Published: 12:00, 28 August 2019
| Updated: 12:45, 28 August 2019
Frustration at courts nationwide sitting empty amid rising crime reached Kent last week with a case already dating back two years having to be adjourned until March.
Britain's justice system has been blasted for delays affecting thousands of cases at a time when the government has vowed to tackle record levels of crime.
Richard Atkins QC, chairman of the Bar Council, called it a 'devastating blow' to victims, while other members of the legal profession expressed concerns for defendants also affected by the lengthy wait.
Last Monday, figures for 34 crown court centres - about half of the criminal justice estate - revealed 127 courtrooms out of 260 lay idle.
These figures included London's Old Bailey and Snaresbrook, with the latter having only six of 20 courtrooms open last Thursday and rape trials given start dates for the end of June next year.
The two crown courts in Kent have also been severely affected. No more than half of eight courtrooms at Maidstone Crown Court - Kent's main legal centre - sat last week.
By Wednesday just two courtrooms were hearing cases and on Thursday, just one courtroom was occupied with hearings shared between two judges.
A similar situation was expected this week.
But the impact on defendants was witnessed when a 48-year-old man accused of destroying trees on woodland in Dunkirk, Kent, was told by a judge that 'with regret' his trial, due to start yesterday would now not go ahead until March 30.
The defendant, having been told the reason for the delay was 'lack of court time', was visibly and audibly exasperated when told the new trial date.
His barrister then informed the court that his client faced a charge which dated back to August 2017, and had waited until November last year to learn when his trial would be held, only for it to now be adjourned for another seven months.
"Perhaps you can appreciate his frustration," said Donal Lawler, defending. "It was fixed (the trial date) weeks ago and has been hanging over him for two years."
But when Mr Lawler asked if the delay was specifically due to a lack of recorders - junior, part-time judges- being given court sitting hours, Judge Philip St John-Stevens said: "I don't know. I'm not privy to that."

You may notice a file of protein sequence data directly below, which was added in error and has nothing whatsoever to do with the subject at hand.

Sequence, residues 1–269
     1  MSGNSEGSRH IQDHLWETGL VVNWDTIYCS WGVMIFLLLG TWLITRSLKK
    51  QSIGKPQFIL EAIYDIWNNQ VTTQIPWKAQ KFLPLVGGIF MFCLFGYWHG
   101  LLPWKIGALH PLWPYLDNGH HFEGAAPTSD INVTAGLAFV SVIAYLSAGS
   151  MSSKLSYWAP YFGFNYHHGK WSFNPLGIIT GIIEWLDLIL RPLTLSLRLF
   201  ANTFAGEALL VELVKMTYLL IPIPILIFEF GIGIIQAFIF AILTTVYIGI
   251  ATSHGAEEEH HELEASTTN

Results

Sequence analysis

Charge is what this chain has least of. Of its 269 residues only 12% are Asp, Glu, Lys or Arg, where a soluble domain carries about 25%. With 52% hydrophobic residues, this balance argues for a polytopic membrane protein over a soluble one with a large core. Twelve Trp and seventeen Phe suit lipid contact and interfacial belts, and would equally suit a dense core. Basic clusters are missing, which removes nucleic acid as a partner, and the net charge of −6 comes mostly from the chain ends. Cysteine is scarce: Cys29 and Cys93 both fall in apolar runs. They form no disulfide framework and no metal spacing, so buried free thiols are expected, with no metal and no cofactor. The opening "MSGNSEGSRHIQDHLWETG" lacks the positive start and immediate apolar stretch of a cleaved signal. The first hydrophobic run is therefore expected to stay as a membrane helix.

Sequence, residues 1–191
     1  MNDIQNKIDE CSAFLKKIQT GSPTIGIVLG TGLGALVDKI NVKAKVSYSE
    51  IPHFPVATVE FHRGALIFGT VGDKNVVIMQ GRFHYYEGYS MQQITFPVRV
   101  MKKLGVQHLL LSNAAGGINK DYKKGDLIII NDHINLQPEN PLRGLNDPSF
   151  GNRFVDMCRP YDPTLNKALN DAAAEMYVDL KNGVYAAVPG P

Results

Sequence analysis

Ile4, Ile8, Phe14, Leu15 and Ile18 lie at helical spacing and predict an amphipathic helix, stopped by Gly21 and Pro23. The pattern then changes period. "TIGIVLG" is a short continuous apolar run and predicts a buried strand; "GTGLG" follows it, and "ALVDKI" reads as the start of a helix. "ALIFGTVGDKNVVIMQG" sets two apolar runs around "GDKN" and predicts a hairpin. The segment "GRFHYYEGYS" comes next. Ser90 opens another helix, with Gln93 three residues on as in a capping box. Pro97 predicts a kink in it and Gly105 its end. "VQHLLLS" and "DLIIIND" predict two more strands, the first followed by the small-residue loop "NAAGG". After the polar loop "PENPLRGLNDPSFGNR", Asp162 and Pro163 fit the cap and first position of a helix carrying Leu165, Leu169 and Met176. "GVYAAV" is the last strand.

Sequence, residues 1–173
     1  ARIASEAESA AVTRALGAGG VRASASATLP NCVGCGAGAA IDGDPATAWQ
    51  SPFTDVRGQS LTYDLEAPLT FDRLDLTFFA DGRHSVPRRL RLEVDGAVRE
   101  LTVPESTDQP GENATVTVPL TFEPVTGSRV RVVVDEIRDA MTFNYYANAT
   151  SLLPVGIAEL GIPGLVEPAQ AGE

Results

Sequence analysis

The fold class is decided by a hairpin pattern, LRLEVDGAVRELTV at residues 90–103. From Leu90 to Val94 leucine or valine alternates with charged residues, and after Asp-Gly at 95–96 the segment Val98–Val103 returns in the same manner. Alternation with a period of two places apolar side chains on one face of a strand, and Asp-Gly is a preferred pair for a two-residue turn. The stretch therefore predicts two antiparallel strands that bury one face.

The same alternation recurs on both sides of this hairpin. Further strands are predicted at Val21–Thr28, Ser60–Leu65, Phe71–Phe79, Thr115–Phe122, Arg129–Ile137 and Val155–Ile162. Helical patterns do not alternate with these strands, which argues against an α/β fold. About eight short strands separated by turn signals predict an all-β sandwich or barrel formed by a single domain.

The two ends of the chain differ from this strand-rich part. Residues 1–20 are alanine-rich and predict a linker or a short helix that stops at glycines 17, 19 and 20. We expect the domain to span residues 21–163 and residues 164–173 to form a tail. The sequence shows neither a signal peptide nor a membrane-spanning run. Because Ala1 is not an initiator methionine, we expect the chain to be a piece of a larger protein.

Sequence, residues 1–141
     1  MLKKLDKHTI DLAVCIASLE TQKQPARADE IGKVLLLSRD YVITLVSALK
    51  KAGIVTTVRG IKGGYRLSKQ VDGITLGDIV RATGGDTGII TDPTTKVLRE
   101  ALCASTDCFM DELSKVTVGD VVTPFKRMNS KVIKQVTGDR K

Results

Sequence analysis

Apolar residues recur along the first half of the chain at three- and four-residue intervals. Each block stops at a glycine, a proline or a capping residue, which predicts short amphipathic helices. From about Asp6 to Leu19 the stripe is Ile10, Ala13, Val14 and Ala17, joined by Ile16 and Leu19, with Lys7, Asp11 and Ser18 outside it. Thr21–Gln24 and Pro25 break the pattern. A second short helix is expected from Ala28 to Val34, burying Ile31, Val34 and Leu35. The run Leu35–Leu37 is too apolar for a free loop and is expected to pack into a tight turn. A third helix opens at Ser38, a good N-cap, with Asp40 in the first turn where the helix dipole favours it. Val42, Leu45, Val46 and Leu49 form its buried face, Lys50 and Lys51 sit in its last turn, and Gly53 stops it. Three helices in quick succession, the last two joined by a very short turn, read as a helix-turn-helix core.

The barrister continued to press his point when, having been told by the judge that the possibility of it being heard at another court had been considered, he replied: "All courts are having similar problems because of lack of sitting days."
A reference to the number of already outstanding cases at Maidstone was made in the same courtroom during an earlier application to adjourn a rape trial, also due to start on Tuesday.
Judge Adele Williams told the court that trials were 'stacked up' waiting to be heard and, if the application was granted, it would delay the case until January.
The survey of courts affected by the closures was coordinated by Nottingham-based criminal barrister Jonathan Dunne, who has now set up a Twitter account @Courtsidle as 'A place to report the under-use of Crown Courts in England and Wales'.
"There is a deliberate and aggressive squeeze on court capacity by the government to save money..." Chris Henley QC, chair of the Criminal Bar Association
Courts this time of year are known to be quieter than other months as judges take holidays.
However, their absences are usually covered by recorders to enable courtrooms to continue hearing cases.
This year's closures have therefore led to accusations that it is a cost-cutting measure.
Chris Henley QC, chair of the Criminal Bar Association (CBA), said: "There is a deliberate and aggressive squeeze on court capacity by the government to save money."
Meanwhile a career prosecutor told KentOnline: "There has never been a better time to be a crook."
But HM Courts and Tribunals Service has denied there is a shortage of judges in the crown courts, stating waiting times for trials are at their shortest since 2014.
Concerns have also been raised in recent months about the thousands of suspects being released under investigation with no fixed time limit, and cases being directed to other courts, often out of the county where the alleged crime took place.
Since 2010, 295 courts across England and Wales have closed under a Ministry of Justice austerity drive, including half of all magistrates courts.
The CBA has also previously complained that recorders have seen their court sitting allocations cut and so are effectively on zero-hours contracts.